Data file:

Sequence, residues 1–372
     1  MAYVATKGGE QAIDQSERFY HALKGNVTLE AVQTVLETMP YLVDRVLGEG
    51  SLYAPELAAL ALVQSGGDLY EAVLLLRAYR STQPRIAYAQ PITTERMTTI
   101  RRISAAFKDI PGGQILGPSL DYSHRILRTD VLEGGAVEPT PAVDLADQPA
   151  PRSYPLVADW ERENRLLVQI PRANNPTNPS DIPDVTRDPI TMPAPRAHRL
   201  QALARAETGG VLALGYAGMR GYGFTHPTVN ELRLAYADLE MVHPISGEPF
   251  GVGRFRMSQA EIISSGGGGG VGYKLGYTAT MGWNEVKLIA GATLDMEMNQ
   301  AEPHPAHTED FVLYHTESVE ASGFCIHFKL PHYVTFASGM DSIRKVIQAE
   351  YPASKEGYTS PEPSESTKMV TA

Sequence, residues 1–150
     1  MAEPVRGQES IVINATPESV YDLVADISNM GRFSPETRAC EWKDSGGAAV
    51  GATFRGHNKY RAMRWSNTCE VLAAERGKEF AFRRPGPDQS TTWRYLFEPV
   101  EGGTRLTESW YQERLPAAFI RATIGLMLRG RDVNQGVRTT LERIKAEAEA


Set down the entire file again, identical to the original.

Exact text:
Sequence, residues 1–372
     1  MAYVATKGGE QAIDQSERFY HALKGNVTLE AVQTVLETMP YLVDRVLGEG
    51  SLYAPELAAL ALVQSGGDLY EAVLLLRAYR STQPRIAYAQ PITTERMTTI
   101  RRISAAFKDI PGGQILGPSL DYSHRILRTD VLEGGAVEPT PAVDLADQPA
   151  PRSYPLVADW ERENRLLVQI PRANNPTNPS DIPDVTRDPI TMPAPRAHRL
   201  QALARAETGG VLALGYAGMR GYGFTHPTVN ELRLAYADLE MVHPISGEPF
   251  GVGRFRMSQA EIISSGGGGG VGYKLGYTAT MGWNEVKLIA GATLDMEMNQ
   301  AEPHPAHTED FVLYHTESVE ASGFCIHFKL PHYVTFASGM DSIRKVIQAE
   351  YPASKEGYTS PEPSESTKMV TA

Sequence, residues 1–150
     1  MAEPVRGQES IVINATPESV YDLVADISNM GRFSPETRAC EWKDSGGAAV
    51  GATFRGHNKY RAMRWSNTCE VLAAERGKEF AFRRPGPDQS TTWRYLFEPV
   101  EGGTRLTESW YQERLPAAFI RATIGLMLRG RDVNQGVRTT LERIKAEAEA